• June 6th, 2020

Nguvauva blames govt on traditional authorities’ rows

WINDHOEK - Ovambanderu Chief Kilus Munjuku III Nguvauva has put the blame of traditional authorities’ disputes squarely on government, warning that unless government changes its approach, disputes will spread to other communities across the country.

Addressing his subjects during the annual 123rd Commemoration of the Battle of Otjunda at Okahandja on Sunday, Nguvauva said succession disputes started first with his community before it moved to the Ovaherero, Nama, Kavango and now with the Ondonga community.

“This disputes will spread to other communities in the near future, unless government changes its approach towards traditional authorities,” warned the former deputy minister of works and transport.
“Government should start recognising traditional authorities as important partners in nation building towards the development of the country,” he advised.

However, he said, whether government takes traditional authorities seriously remains an issue for the Council of Traditional Council to deliberate on sooner rather than later.

Furthermore, Nguvauva told his subjects that the traditional authority will continue to be part and parcel of the ongoing genocide negotiations between the Namibian government and the German government.
He told the gathering that the genocide took place well before 1904 as it started shortly after the arrival of the German settlers in this country.

Nguvauva said his community continue to be part of this process while both governments recognise the undeniable fact that the targeted communities, being the Ovambanderu, Ovaherero and the Nama communities - feature prominently during the ongoing negotiations in whatever decision are to be taken towards the final conclusion of any agreement to be entered into between the two governments.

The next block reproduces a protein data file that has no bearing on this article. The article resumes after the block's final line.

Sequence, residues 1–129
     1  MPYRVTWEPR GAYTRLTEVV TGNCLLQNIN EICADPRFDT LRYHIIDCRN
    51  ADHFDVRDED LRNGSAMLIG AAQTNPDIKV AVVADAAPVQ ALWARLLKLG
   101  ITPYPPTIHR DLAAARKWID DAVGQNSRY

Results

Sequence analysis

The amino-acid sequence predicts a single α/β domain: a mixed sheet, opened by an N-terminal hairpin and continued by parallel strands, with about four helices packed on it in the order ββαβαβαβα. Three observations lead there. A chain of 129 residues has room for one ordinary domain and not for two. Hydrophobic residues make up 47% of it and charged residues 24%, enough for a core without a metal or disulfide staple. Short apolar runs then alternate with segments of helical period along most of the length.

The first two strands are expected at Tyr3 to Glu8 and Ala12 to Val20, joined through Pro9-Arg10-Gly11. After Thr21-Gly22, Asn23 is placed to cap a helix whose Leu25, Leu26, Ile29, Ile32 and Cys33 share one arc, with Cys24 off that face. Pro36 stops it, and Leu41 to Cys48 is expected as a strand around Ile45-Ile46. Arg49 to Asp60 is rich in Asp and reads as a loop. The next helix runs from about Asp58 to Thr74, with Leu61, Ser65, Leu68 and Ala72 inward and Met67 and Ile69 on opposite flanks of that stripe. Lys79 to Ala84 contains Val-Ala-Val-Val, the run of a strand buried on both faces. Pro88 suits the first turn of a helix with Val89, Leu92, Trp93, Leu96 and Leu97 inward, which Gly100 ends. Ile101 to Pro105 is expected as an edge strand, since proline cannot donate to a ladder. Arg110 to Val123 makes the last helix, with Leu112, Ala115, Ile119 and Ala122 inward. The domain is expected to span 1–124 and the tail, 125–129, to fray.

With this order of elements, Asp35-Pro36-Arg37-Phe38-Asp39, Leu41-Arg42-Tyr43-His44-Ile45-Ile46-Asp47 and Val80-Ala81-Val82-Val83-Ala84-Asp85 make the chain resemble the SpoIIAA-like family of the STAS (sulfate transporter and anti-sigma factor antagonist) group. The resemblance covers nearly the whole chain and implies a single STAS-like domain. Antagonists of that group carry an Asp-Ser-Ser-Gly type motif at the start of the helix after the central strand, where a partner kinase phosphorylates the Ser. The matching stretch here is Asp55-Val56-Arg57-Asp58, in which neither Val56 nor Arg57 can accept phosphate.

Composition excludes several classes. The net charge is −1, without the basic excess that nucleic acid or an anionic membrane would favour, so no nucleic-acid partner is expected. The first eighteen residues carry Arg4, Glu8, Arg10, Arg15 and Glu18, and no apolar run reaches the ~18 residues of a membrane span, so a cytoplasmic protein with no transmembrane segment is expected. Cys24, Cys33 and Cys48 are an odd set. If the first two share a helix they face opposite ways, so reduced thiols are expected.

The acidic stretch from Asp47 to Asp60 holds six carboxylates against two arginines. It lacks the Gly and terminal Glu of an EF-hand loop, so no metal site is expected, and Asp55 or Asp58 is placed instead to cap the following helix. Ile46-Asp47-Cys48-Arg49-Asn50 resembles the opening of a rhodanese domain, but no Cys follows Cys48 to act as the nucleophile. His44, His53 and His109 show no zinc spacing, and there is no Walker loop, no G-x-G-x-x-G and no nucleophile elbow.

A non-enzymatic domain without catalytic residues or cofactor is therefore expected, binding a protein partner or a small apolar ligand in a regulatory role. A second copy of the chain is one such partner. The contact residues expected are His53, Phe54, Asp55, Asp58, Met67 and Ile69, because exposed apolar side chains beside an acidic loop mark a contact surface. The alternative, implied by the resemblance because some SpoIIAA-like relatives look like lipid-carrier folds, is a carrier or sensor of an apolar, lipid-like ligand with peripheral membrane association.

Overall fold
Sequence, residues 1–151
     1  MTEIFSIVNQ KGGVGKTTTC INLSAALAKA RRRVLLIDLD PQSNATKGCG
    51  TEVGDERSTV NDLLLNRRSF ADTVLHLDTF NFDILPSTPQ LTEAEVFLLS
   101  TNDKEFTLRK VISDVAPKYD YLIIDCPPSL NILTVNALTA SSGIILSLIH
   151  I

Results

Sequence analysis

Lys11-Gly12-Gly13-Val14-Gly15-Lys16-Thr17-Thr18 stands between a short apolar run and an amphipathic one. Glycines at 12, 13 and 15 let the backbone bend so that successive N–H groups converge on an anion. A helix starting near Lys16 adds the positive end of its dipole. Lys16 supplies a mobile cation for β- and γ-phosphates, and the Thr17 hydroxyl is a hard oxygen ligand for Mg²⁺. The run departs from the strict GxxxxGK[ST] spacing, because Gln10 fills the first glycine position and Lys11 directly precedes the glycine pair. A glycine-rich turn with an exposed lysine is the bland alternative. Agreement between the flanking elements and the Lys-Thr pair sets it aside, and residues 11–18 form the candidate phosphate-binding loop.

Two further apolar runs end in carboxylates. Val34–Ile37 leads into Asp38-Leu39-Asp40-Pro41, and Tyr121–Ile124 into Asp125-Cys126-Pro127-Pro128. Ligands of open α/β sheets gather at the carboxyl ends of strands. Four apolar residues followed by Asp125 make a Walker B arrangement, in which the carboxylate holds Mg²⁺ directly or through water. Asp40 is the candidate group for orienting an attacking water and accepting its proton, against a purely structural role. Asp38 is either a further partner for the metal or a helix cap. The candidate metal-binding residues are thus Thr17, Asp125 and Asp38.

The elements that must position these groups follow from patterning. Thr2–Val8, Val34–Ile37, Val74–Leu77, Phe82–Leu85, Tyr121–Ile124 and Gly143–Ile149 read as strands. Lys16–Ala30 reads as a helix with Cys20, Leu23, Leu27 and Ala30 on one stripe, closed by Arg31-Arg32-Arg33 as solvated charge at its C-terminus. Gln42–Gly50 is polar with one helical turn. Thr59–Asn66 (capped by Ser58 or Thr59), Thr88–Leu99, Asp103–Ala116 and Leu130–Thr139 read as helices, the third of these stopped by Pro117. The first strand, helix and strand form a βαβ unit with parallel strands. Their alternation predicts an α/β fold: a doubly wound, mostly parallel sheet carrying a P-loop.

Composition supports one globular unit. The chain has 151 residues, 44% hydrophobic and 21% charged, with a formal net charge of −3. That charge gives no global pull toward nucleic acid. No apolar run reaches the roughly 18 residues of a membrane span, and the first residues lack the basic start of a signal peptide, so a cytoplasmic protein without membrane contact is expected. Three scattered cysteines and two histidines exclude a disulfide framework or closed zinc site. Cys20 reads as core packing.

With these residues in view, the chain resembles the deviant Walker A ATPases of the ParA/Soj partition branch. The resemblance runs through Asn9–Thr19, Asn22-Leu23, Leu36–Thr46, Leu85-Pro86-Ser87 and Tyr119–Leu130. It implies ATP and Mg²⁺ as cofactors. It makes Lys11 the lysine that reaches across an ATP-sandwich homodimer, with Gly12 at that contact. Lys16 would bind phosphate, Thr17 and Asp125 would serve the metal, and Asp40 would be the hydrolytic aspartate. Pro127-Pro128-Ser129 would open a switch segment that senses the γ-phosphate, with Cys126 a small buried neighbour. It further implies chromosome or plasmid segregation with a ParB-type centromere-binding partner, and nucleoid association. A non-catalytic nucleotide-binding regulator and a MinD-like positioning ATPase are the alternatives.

“War took place well before 1904, Comrade Dr Zed Ngavirue, please advise the Namibian government and the public at large accordingly for the history to be told as it is and for the benefit of our future generations,” he said to Namibian Genocide Special Envoy Dr Zedekia Ngavirue who was part of the crowd.

According to Nguvauva, the first order towards genocide was issued by General Theodor Leutwein on 2nd July 1896 after the death of Ovambanderu Chief Kahimemua Hija-Kungairi Nguvauva when he declared the following: “What has been said in last year’s report about the main tribes and captainship of the natives is generally still valid today. Only is the east of Herero land a change has occurred, insofar as rebellion of the chiefs Nicodemus and Kahimemua has been put down, and the latter have been shot, now new captain has been installed in the east, but the Ovambanderu tribe has been assigned to paramount chief Samuel Maharero, who wants to send occasionally his Ovahona to the east to look after things.”

He said the quotation file with the National Archives of Namibia as per file no.ZBU [146] A.Vl.a.3, is a clear act of genocide because according to the Geneva Convention of 1948, of the convention on prevention and punishment of the crime of genocide means an act is committed with intent to destroy, in whole or in part, a national, ethnical, racial or religious group.

Therefore, he said the orders of October 2, 1904 and April 24, 1905 issued by General Von Trotha were second and third extermination orders. 

Furthermore, Nguvauva also appointed the community ancestral land 19-member committee.
The committee will be led by former Electoral Commission of Namibia (ECN) Chief Electoral and Referenda Officer Moses Ndjarakana.
Its task is to identify the community ancestral land.


Kuzeeko Tjitemisa
2019-06-19 09:21:54 | 11 months ago

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